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Butler's Wharf Chop House review
Butler’s Wharf Chop House
36e Shad Thames
London SE1 2YE
I know it’s the wrong bridge but the line, “Earth has not anything to show more fair”, swept into my mind as I gazed at Tower Bridge, backlit by a sunset, from a perfectly-placed outdoors table on the banks of the Thames.
It is an ideal, quintessentially British view to complement the focus on traditional dishes that “explore classic and nostalgic recipes” from around the British Isles.
Even the interior - with its minimalist, pale lagoon-coloured décor and wooden slats - is designed to draw the eye to the views and concentrate the mind on the exquisite food.
I had a grilled goats cheese and beetroot salad (£7) to start where the generous, melt-in-the-mouth portion of chevre was dusted with spring onion. My friend ordered a Colchester crab salad, with tender pieces served with broad beans and peas (11.50).
As a non-meat-eater, the choice of a “Chop House” may ring a little false, but my companion is a thoroughbred carnivore and I was feeling indulgent and a little intrigued to see what might be on offer. I was not disappointed.
The “salmon steak” (18.50), dressed with lemon and watercress, left me more satisfied than my pescetarian diet has for a long time. It was truly steak-like, with a meaty texture and succulent flakes peeling away from the bone. The taste was less overtly fishy, than flavoursome with a tantalisingly salty coating.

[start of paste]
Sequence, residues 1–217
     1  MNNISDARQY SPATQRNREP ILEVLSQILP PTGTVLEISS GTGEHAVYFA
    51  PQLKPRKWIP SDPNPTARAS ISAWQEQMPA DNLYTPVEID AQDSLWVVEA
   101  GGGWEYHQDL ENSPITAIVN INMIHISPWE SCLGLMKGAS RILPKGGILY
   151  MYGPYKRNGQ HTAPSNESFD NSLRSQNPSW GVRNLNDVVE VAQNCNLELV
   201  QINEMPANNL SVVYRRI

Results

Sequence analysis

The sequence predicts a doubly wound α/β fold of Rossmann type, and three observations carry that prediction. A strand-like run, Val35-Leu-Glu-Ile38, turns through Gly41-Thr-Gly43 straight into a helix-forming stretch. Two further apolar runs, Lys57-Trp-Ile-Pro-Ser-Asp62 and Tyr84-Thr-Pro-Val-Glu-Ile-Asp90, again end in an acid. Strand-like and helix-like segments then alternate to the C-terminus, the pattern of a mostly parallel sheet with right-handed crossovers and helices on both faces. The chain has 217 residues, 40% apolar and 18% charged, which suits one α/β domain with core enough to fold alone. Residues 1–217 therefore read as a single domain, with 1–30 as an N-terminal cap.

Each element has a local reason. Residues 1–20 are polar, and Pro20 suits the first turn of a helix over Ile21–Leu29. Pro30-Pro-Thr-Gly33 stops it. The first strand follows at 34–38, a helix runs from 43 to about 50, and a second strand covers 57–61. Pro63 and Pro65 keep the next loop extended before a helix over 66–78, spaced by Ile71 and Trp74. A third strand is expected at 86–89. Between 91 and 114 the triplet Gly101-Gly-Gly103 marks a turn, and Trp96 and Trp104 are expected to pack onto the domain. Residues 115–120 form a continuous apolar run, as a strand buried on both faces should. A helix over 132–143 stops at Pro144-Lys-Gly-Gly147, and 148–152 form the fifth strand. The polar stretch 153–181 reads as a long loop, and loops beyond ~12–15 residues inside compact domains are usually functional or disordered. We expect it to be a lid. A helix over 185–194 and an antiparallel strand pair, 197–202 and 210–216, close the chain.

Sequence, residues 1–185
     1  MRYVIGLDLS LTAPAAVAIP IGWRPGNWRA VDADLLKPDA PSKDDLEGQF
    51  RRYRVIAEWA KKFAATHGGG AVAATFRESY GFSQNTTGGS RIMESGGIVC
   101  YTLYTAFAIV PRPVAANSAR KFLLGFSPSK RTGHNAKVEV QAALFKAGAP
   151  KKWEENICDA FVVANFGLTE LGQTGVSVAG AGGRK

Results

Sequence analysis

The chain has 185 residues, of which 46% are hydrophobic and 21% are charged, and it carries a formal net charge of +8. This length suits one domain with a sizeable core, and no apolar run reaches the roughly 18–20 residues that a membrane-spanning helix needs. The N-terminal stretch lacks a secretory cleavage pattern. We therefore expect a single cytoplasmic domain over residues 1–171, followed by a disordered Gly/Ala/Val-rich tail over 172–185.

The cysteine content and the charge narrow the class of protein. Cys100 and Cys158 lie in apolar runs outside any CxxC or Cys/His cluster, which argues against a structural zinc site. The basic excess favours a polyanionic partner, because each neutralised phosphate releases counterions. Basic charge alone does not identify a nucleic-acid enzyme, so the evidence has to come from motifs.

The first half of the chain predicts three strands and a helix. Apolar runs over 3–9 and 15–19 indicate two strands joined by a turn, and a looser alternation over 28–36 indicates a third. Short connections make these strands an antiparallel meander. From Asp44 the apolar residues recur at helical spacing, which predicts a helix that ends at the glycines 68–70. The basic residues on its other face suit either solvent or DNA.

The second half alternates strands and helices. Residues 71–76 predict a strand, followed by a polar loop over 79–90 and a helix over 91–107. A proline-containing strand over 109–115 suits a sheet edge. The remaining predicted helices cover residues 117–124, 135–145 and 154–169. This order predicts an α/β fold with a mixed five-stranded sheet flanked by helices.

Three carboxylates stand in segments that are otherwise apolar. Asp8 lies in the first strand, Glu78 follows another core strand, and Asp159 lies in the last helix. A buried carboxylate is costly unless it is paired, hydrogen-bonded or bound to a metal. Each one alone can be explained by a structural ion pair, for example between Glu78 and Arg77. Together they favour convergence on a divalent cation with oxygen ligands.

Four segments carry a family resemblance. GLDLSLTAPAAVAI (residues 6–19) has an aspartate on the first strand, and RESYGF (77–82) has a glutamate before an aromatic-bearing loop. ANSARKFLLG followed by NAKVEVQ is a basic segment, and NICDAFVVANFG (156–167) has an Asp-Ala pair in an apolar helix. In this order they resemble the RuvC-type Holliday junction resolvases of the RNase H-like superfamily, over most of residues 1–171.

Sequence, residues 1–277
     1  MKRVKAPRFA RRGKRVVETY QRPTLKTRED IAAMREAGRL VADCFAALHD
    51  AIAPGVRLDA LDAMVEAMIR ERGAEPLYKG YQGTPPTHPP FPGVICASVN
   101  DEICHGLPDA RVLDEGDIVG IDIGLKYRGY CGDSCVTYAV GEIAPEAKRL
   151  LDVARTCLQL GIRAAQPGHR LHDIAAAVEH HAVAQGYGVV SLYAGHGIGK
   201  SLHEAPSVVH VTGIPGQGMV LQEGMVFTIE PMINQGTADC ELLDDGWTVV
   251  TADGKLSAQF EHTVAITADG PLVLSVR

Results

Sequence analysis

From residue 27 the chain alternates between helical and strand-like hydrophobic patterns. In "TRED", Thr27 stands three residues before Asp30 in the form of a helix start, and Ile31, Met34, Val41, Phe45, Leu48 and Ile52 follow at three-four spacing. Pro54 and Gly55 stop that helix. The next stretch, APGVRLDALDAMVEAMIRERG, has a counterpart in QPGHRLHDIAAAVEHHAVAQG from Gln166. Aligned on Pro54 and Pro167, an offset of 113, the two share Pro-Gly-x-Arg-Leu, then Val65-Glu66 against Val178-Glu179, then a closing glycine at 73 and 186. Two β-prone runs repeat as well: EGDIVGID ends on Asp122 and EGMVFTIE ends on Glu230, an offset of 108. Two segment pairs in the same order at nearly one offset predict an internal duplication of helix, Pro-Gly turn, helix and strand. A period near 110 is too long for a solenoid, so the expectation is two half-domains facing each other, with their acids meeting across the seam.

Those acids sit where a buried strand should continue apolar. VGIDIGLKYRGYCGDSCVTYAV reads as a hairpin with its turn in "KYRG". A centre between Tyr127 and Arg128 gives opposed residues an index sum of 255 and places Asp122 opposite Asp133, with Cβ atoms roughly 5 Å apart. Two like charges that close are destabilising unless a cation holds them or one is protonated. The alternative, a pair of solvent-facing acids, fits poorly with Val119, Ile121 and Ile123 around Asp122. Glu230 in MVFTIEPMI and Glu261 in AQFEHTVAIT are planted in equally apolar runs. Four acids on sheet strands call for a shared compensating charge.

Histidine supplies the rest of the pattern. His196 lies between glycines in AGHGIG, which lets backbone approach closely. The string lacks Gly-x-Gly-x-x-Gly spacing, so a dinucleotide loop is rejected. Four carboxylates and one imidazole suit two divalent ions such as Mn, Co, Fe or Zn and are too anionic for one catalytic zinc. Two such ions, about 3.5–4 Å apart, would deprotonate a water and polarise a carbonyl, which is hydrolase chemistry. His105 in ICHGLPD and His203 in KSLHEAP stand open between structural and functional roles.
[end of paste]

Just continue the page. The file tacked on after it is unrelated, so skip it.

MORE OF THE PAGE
The Chop House is renowned for head chef Martin Kroon’s passion and expertise in cutting and preparing meat and there are courses for those wanting to learn the art of butchery.
My friend jumped in for the 300g fillet steak (£36), which is farmed in Essex and hung on the bone for 28 days before reaching the Chop House’s charcoal grill. Although it came a little overdone for his “medium rare” request, he declared it the finest steak of his experience.
Staff were pleasant and attentive during the meal and buzzed around with various breads to soak up the sauces.
Feeling sated, the lemon posset dessert seemed suitably light but in keeping with the evening’s decadence. Zestful cream was served on a biscuit base – buttery, crumbly, and simply divine. My friend stayed in keeping with the traditional theme and went for a sticky toffee pudding with toffee sauce and Jersey clotted cream.
It really is worth booking an outside table and soaking up the unique atmosphere with a bottle chilling in a cold bucket beside you – we went for the delicious Patrick Piuzi Chablis Terroir de Courgis (£53).
The view justifies the price for the right occasion, but for £19.50 there is a three-course set menu with a very reasonable selection
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